How to use makhana in everyday recipes

In April, I was in the capital for a shoot. We were strolling around Khari Baoli, Asia’s largest wholesale grocery and spice market, located in Old Delhi. Walking through the alleyways, where the air was infused with an intoxicating mix of spice aromas, was a one-of-a-kind experience. The vibrant colors of the lentil, bean, grain, whole and powdered spice varieties were a visual delight.

Among the open-air shops selling lentils and spices was a shop with bags filled with makhana, called fox nuts or gorgon nuts. Since I had just bought half a kilogram of makhana at home in Bengaluru, I was curious to know the price of makhana in a wholesale market. I stopped at the store and chatted with the shopkeeper. He was delighted that I knew that most makhana grown in India came from North Bihar, especially Darbhanga, his home town. The price was around 250 per half kilogram in the wholesale store for the same brand name package I paid for 400 for in Bangalore. We started talking and he told me that he had worked in Bangalore for two years before deciding to set up the spice shop in Old Delhi, specializing in makhana from his village in Bihar. He was happy that growing makhana had become profitable for people in his hometown due to its growing popularity over the past four to five years as a superfood and healthy snack.

Makhana, much loved, even revered, in the Mithila region of Bihar, has gained recognition throughout India. The term nut is a misnomer, as it is the seed of the prickly water lily. Even today, growing and processing makhana involves intensive manual labor, making it as expensive as almonds, and rightly so.

Supermarket snack aisles are full of roasted makhana snacks in a variety of savory (and even sweet) flavors. Because makhana, a bland ingredient, is a flavor sponge, happy to take on the flavor of whatever spice blend you mix it into. It’s also a healthier substitute for popcorn or puffed rice, given its higher protein, fiber, and mineral content.

The most important tip about cooking with makhana is to take your time and patiently roast it over low heat until it becomes crispy. Not roasting it well enough will leave it uncomfortable, sticking to your teeth and threatening to pull out any expensive dental crowns you may have.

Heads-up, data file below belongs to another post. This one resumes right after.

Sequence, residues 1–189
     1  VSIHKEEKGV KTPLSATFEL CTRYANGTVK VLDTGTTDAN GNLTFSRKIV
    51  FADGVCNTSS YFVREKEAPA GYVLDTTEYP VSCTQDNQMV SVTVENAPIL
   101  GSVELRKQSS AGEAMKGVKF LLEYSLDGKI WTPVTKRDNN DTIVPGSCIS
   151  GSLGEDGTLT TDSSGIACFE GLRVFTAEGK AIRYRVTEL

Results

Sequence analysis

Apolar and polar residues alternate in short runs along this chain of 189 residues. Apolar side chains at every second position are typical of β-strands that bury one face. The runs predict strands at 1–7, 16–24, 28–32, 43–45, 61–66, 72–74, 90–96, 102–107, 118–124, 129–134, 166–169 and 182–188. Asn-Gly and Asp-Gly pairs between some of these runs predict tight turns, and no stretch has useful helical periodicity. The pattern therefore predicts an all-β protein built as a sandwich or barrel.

Once roasted, it can be used to prepare makhana kheer, halwa or laddoos. If you don’t like sweet, use it in chivdas similar to those made with puffed rice. Roasted makhana can also be used to make a delicious savory granola with the addition of nuts, seeds and dried fruits. Makhana feels perfectly at home in a pea sauce, its spongy nature soaking up all the flavors of the spices and aromatics in the sauce.

Smoked Makhana Chivda

For 2


1 tablespoon of ghee

2 cups makhana (35g)

3 tablespoons peanuts

Half a teaspoon of roasted cumin powder

Half a teaspoon of smoked paprika

Half teaspoon of red chilli powder

1 teaspoon coarse salt


Heat the ghee in a heavy-bottomed saucepan. Fry the peanuts over medium heat for four to five minutes, until golden and crispy. Remove the fried peanuts with a slotted spoon and set aside.

Add the makhana to the remaining ghee in the pan and roast over medium heat for seven to eight minutes until crispy. Lower the heat and add the ground cumin, smoked paprika and ground chilli. Season with salt. Return the fried peanuts to the skillet. Mix all the ingredients over low heat for one to two minutes until the spices coat the makhana, taking care not to burn the spices.

Remove to a bowl and let cool completely to crisp it up. Serve immediately or put in an airtight jar. Best consumed within three to four days.

Makhana curry and peas

For 4 people


25g makhana (one and a half cups)

2 teaspoons of ghee

1 cup frozen peas

1 tablespoon of ghee

1 bay leaf

3-4 cloves

1 piece of cinnamon stick

2 green cardamoms

1 large onion, coarsely chopped

2-3 tomatoes, roughly chopped

6-7 garlic cloves

Half-inch piece of ginger, sliced

1 teaspoon of salt

8-10 cashew nuts

Half cup of milk

2 teaspoons red chilli powder

Half teaspoon of turmeric powder

Half teaspoon of garam masala powder

2 teaspoons kasoori methi


In a heavy-bottomed saucepan, heat 2 teaspoons of ghee. Roast the makhana for seven to eight minutes over low heat until crispy. Set aside. Cook frozen peas in a saucepan or bowl in the microwave for three to four minutes until tender. Drain and set aside.

In a pressure cooker or pressure cooker, heat 1 tablespoon of ghee. Brown all the spices (bay leaf, clove, cinnamon, cardamom) over high heat for a few seconds. Add chopped onions and tomatoes, garlic and ginger. Sauté for two to three minutes over medium heat. Finally, add the cashews and milk to the pressure cooker. Salt and close the lid of the pressure cooker. Pressure cook for five to seven minutes (hold the simulation for five to seven minutes after a whistle). Open the slow cooker and allow its contents to cool. Remove bay leaf, cloves and cinnamon stick and discard. Blend the rest of the cooked ingredients into a fine puree using up to a cup of water.

Transfer this puree to a saucepan. Mix cooked peas and roasted makhana into the sauce. Add the red chili powder, turmeric powder and garam masala and bring to a boil over low heat. Cover and cook for five to seven minutes until the makhana is softened. Finish with crushed kasoori methi. Serve hot with parathas or rotis.

Double Tested is a bi-monthly column on vegetarian cooking, highlighting a single ingredient prepared two ways. Nandita Iyer is the author of the recently published book This Handmade Life—7 Skills To Enhance And Transform Your Everyday Life. @saffrontrail on Twitter and Instagram.

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